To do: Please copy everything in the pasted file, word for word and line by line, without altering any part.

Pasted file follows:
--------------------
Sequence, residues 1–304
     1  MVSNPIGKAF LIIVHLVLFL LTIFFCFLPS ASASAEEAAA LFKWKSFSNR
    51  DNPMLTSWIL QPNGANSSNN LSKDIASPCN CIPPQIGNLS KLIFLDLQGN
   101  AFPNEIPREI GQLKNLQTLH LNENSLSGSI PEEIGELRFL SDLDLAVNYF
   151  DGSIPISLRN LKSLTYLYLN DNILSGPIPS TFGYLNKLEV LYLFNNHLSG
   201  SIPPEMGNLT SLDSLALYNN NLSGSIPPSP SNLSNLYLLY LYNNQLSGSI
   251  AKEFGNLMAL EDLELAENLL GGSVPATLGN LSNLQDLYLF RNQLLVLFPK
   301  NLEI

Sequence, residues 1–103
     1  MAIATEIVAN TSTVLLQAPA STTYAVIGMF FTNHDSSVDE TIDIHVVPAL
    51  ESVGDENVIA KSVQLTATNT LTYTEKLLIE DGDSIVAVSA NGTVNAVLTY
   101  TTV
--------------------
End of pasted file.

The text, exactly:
Sequence, residues 1–304
     1  MVSNPIGKAF LIIVHLVLFL LTIFFCFLPS ASASAEEAAA LFKWKSFSNR
    51  DNPMLTSWIL QPNGANSSNN LSKDIASPCN CIPPQIGNLS KLIFLDLQGN
   101  AFPNEIPREI GQLKNLQTLH LNENSLSGSI PEEIGELRFL SDLDLAVNYF
   151  DGSIPISLRN LKSLTYLYLN DNILSGPIPS TFGYLNKLEV LYLFNNHLSG
   201  SIPPEMGNLT SLDSLALYNN NLSGSIPPSP SNLSNLYLLY LYNNQLSGSI
   251  AKEFGNLMAL EDLELAENLL GGSVPATLGN LSNLQDLYLF RNQLLVLFPK
   301  NLEI

Sequence, residues 1–103
     1  MAIATEIVAN TSTVLLQAPA STTYAVIGMF FTNHDSSVDE TIDIHVVPAL
    51  ESVGDENVIA KSVQLTATNT LTYTEKLLIE DGDSIVAVSA NGTVNAVLTY
   101  TTV